My Free Press colleague Joe Torres, co-author of News for All the People: The Epic Story of Race and the American Media, had an open conversation with NCCU journalism instructor and broadcast journalist Brett Chambers on the legacy of Black media in North Carolina. The conversation touched on the Wilmington riots of 1898, the Kerner Commission report and the recent sale of Shaw University's radio station to a religious broadcaster, and it spanned topics of media ownership and Net Neutrality.

Building a future, in community

The journalism workshops Free Press helped organize were only one part of Free Movement. There were tracks on ending mass incarceration and the school-to-prison pipeline, working for health equity and harm reduction. Steven Thrasher’s keynote kicking off the conference was titled “Black Liberation Is Impossible Without Ending AIDS.”  More than 300 people from all corners of North Carolina and neighboring states made connections that will strengthen their campaigns and drive collaborative, creative actions across issues and communities.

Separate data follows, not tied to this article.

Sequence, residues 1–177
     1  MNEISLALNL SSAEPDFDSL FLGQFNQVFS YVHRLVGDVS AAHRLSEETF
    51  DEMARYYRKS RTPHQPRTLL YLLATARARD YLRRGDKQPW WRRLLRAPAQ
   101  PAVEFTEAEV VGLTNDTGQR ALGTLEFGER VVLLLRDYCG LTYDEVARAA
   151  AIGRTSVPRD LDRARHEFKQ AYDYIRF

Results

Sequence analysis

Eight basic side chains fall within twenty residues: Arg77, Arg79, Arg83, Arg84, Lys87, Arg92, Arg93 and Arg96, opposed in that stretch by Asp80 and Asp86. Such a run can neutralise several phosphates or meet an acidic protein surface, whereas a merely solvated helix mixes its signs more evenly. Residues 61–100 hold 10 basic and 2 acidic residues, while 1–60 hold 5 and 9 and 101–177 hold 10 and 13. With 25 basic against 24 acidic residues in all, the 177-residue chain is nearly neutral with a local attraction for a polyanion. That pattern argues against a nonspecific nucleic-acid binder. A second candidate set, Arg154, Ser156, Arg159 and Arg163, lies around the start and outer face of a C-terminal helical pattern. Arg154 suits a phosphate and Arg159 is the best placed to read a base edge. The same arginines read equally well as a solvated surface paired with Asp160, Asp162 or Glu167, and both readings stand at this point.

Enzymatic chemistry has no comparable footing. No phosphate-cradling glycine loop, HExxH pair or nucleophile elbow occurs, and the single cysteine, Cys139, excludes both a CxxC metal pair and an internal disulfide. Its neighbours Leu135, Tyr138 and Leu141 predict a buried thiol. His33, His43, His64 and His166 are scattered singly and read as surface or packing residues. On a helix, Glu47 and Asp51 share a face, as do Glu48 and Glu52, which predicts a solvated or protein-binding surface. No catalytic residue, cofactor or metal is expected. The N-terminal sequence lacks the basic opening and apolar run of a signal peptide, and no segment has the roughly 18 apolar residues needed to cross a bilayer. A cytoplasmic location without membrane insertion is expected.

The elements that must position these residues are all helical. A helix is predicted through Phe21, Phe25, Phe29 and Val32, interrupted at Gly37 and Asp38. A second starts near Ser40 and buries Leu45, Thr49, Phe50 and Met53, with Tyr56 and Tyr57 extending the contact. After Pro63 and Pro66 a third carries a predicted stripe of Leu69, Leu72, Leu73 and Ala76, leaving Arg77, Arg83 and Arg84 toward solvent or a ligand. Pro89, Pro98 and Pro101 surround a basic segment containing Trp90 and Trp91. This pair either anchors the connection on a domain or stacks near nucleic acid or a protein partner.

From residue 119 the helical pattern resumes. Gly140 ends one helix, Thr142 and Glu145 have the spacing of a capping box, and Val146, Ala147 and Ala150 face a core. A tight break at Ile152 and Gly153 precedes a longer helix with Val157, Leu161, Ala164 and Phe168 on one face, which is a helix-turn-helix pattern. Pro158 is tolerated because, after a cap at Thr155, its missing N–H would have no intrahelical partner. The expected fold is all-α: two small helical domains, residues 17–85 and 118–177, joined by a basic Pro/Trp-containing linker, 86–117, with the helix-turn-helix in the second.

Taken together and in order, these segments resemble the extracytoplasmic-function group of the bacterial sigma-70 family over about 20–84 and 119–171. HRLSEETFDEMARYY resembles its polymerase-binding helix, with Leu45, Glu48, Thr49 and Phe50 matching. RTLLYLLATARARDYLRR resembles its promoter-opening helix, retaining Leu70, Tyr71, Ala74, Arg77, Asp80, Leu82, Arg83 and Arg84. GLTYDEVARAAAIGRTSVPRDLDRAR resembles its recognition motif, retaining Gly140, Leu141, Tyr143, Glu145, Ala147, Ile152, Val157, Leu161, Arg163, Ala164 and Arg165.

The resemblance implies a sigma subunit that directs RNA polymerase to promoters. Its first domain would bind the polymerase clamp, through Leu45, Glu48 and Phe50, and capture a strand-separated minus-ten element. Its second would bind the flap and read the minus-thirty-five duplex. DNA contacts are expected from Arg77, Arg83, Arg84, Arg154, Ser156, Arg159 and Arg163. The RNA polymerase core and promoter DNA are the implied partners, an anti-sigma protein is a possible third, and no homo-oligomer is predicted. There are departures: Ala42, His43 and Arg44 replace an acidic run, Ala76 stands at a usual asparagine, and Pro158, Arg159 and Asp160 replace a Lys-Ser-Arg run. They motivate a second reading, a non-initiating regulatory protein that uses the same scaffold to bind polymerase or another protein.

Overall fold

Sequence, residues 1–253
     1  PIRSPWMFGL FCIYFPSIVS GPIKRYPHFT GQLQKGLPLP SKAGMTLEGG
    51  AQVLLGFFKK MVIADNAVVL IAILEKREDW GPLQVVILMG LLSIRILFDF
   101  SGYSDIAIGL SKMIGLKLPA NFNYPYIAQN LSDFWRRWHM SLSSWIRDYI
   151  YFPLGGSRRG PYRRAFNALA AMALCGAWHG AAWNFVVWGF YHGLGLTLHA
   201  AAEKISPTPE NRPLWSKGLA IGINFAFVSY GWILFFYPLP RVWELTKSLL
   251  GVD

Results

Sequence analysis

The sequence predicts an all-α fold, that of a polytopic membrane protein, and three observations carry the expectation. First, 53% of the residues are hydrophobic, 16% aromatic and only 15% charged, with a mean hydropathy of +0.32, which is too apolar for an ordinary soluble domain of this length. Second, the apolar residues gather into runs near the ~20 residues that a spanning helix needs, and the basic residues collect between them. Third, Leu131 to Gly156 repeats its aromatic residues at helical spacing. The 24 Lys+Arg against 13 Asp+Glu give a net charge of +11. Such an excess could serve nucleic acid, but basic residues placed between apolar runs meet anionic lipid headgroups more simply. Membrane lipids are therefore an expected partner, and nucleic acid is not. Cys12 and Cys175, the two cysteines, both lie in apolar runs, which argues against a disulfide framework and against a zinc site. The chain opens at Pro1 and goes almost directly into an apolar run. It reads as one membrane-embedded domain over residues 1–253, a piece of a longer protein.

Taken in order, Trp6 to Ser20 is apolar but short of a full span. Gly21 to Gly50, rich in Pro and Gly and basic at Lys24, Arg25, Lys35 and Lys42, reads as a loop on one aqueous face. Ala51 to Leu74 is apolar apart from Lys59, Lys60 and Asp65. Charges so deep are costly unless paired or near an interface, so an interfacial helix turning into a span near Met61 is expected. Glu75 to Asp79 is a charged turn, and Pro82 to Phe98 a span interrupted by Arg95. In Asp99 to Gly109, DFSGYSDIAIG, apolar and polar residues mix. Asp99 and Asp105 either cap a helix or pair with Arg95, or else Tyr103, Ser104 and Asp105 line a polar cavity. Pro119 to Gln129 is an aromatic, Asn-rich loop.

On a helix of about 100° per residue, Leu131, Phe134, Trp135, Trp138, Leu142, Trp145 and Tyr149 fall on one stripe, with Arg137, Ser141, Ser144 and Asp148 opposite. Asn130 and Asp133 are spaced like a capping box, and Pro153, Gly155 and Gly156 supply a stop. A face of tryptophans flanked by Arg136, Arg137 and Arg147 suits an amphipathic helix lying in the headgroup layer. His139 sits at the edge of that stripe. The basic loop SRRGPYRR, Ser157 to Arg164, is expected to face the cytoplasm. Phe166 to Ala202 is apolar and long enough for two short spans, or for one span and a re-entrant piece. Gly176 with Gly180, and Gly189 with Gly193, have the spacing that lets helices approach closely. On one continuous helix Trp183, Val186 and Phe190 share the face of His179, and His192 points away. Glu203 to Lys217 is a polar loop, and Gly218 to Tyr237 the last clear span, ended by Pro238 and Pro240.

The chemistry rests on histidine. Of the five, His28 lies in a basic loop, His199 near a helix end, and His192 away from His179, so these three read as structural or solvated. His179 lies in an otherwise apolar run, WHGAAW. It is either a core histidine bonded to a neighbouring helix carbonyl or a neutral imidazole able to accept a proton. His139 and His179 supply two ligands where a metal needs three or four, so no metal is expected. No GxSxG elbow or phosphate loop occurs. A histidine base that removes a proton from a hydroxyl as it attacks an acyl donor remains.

In its second year, Free Movement’s growth exceeded organizers' expectations. "The main thing that I see is that this platform is needed," said Martha Foye, Working Narratives’ managing director. "We started this idea with eight workshops, and we have over 30. That alone says we need these spaces to exist and we should maybe think about doing this on a more regular basis."